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Critics slam planned 10-year limit for widows' pension

The survivors' benefit reforms will affect persons born after 1975 and will take effect from 2022.

Omaishoitaja Tuula Pekonen kuorimassa perunaa.
The proposal will be especially hard on family carers, 70 percent of whom are women, critics say. Image: Eveliina Matikainen / Yle

Interest groups have heaped heavy criticism on survivors’ benefit reforms that will limit widows' pensions to a maximum of 10 years, rather than paying the benefit for life as is the case now. The new legislative package will affect widows and widowers born after 1975 and is due to take effect from the beginning of 2022.

A recently-concluded commenting round for the draft legislation revealed resistance to the proposals, particularly from groups likely to be adversely affected by the reforms.

Carers Finland, an NGO that represents family carers, said in a statement that the proposal for a term limit to widows' pensions -- essentially a cut to the programme -- will be especially hard on spouse carers, 70 percent of whom are women.

"The proposed cuts to widows' pensions do not fit with a broader strategy to support family carers. Spouses cannot be forced into poverty and have to rely on income support in the final stages of their lives," the association said.

"Instead of spending cuts we in Finland need to find ways to incentivise home care and think about how we can get people to become family carers, especially so that it is not [seen as] an unreasonable burden," Carers Finland executive director Sari Tervonen added.

Meanwhile, the young widows association said that reforms should take into consideration a survivor's financial situation rather than imposing a term limit on the benefit.

"A fixed term could lead to financial distress for survivors and in some cases they could possibly have to rely on taxpayer-funded social benefits," executive director Miia Iivonen noted.

No kids, no pension

Iivonen pointed out that major sticking points in the proposed legislation include limitations that relate to the nature and duration of relationships as well as a survivor's age. She said that widows and widowers under the age of 50 will suffer the most.

"For example a childless widow will not get a pension. The constitution and equality laws prohibit people from unequal treatment because of their age and other personal characteristics. Young widows and widowers denied a pension can rightly ask why this kind of discrimination is permitted in survivors' pension law," she explained.

Finland for all Families, a network project for diverse families, also condemned the treatment of childless widows in the draft bill. "This is especially wrong in situations where couples have no shared children because a spouse is childless due to illness or otherwise involuntarily," the group said.

Billions spent on pensions

The Finnish Pensioners’ Federation said that the term limit on pension benefits would most penalise low-income female family carers. "Some of them have stinted on their own social and pension security to stay at home and care for a relative in need. They may have cared for a partner for decades and may have been tied to the home," the organisation noted.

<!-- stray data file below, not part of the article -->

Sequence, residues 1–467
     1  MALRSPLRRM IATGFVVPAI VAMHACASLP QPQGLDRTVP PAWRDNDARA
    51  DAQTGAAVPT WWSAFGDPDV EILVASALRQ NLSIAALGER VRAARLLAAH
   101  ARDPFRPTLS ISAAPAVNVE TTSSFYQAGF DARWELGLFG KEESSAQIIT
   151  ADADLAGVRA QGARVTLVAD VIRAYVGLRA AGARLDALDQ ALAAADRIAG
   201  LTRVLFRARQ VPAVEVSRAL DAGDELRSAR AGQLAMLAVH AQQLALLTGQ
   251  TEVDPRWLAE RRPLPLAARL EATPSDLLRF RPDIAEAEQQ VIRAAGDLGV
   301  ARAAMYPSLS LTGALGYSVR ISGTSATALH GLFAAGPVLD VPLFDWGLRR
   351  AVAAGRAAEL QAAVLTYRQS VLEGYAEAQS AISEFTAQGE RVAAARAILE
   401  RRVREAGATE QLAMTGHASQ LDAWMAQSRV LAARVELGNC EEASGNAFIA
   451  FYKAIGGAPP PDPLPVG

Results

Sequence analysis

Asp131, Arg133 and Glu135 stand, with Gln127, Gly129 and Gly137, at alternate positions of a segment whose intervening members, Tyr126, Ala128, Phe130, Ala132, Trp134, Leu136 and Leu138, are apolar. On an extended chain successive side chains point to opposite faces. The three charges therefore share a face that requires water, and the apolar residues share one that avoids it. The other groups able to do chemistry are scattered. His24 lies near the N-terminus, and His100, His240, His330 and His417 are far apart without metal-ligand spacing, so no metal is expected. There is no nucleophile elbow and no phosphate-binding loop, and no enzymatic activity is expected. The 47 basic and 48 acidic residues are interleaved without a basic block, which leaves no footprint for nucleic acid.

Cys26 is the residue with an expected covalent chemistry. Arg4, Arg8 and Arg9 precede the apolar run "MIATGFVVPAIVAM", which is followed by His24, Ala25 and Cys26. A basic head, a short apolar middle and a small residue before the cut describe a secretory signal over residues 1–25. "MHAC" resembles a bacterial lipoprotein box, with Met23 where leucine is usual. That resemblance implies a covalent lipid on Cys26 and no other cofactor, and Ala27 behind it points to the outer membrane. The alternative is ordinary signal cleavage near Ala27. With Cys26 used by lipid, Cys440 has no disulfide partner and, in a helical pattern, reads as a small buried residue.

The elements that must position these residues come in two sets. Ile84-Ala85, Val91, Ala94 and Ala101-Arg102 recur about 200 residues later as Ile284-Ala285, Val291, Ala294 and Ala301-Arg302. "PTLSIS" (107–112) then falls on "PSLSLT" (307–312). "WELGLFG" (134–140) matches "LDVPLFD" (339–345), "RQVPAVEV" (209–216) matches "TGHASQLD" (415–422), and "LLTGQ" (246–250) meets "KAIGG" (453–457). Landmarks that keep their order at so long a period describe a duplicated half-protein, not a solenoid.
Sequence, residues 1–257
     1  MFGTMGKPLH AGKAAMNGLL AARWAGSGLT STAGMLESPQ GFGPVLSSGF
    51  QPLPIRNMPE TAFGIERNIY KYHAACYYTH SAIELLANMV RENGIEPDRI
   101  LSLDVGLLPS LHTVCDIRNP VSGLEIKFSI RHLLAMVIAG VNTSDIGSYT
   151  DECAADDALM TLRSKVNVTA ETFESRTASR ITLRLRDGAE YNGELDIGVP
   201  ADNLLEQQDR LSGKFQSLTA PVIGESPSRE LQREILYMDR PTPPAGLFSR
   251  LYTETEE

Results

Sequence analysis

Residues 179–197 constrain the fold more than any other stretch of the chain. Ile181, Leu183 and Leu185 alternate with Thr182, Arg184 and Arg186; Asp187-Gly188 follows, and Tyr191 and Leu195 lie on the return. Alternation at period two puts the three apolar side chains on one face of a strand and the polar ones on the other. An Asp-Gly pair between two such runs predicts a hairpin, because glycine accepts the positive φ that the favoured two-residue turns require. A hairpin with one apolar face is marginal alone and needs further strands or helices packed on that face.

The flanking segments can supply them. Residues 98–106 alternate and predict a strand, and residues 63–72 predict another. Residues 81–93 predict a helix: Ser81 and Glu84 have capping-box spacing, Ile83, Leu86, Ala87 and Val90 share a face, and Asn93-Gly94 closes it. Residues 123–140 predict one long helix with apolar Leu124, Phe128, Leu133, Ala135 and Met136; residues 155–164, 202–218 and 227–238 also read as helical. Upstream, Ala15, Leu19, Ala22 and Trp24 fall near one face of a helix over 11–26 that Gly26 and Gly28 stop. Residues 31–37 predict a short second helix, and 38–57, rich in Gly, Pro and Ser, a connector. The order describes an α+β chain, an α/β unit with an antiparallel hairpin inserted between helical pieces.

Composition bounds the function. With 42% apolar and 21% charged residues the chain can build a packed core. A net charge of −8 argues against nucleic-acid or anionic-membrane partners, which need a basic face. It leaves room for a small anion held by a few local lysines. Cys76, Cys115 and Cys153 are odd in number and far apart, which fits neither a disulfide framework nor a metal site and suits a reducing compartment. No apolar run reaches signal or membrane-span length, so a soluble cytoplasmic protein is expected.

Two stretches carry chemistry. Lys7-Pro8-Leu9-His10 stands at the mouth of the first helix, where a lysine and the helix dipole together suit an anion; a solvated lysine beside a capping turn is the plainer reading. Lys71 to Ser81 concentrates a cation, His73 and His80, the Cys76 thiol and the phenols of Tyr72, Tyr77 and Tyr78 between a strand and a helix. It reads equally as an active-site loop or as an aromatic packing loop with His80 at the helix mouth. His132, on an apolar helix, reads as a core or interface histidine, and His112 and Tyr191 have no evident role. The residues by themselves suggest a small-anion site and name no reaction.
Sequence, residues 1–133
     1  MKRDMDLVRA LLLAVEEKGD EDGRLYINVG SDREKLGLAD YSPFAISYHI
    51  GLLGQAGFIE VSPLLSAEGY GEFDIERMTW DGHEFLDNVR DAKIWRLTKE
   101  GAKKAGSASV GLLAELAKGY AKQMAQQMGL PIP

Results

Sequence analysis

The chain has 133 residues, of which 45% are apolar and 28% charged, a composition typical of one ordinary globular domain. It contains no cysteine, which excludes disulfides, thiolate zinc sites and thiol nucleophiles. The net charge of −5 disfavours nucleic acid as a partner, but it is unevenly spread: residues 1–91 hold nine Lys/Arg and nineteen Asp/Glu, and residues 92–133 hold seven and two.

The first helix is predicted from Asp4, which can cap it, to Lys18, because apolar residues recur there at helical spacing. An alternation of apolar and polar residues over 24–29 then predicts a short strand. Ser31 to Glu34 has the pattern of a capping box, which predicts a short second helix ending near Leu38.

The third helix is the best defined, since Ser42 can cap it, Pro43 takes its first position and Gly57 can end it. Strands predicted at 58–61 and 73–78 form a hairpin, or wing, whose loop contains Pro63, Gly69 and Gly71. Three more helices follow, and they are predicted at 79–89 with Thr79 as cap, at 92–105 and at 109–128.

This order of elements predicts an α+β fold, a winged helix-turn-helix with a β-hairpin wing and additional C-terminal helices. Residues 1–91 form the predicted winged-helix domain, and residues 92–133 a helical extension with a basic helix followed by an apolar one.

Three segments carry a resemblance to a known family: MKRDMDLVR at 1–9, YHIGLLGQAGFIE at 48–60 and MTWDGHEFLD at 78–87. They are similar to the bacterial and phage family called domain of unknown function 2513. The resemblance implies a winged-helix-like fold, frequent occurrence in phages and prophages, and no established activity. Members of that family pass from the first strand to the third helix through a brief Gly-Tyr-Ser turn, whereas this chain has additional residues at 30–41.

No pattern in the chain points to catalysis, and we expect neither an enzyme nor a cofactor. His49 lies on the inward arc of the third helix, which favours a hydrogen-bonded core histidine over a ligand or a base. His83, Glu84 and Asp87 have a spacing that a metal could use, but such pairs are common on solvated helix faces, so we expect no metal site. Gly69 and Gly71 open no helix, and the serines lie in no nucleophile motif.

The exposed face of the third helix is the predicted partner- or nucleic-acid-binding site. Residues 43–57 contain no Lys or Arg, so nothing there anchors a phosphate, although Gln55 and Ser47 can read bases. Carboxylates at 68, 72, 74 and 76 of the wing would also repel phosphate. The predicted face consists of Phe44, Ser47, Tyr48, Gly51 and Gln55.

The NGO added that many retired family carers receive very small pensions and noted that the modest family care allowance cannot compensate for the loss of salaried income.

It also pointed out that widows’ pensions do not account for a significant portion of spending in the pension system. "In 2019, a total of 1.8 billion euros was spent on survivors’ benefits, just six percent of all pension costs," it added.

Improvements in new law

The commenting round for the survivors’ benefit reform bill ended on 5 November. While critics of the draft law were outspoken, a majority of experts backed the changes. The biggest supporters came from labour market organisations, many of whom were involved in shaping the legal reforms.

Other provisions in the bill are expected to offer improvements on the current system. For example, it provides better protection for unwed spouses. They will now be entitled to a survivor’s pension if they have cohabited for at least five years and have one underaged child. Previously, only married spouses were eligible for the benefit.

Additionally, children will receive an orphan’s pension until the age of 20, instead of the current 18 years.

The reform will not affect current survivors’ benefit arrangements, but will take effect from 2022.

The introduction of a 10-year limit on the widows' pension will reduce the number of recipients starting from the 2040s, with the biggest declines occurring from the 2060s. This means that the savings envisioned in the reform will not happen overnight.

The change is expected to increase expenditure on earnings-related pensions until the year 2048. The spending impact has been estimated at an additional 51 million euros annually.

Every year roughly 13,000 individuals begin receiving the survivors’ benefit, 80 percent of them women. On average they receive about 600 euros monthly.

Currently roughly 250,000 widows and widowers receive the benefit, while about 17,000 children get an orphan’s pension.

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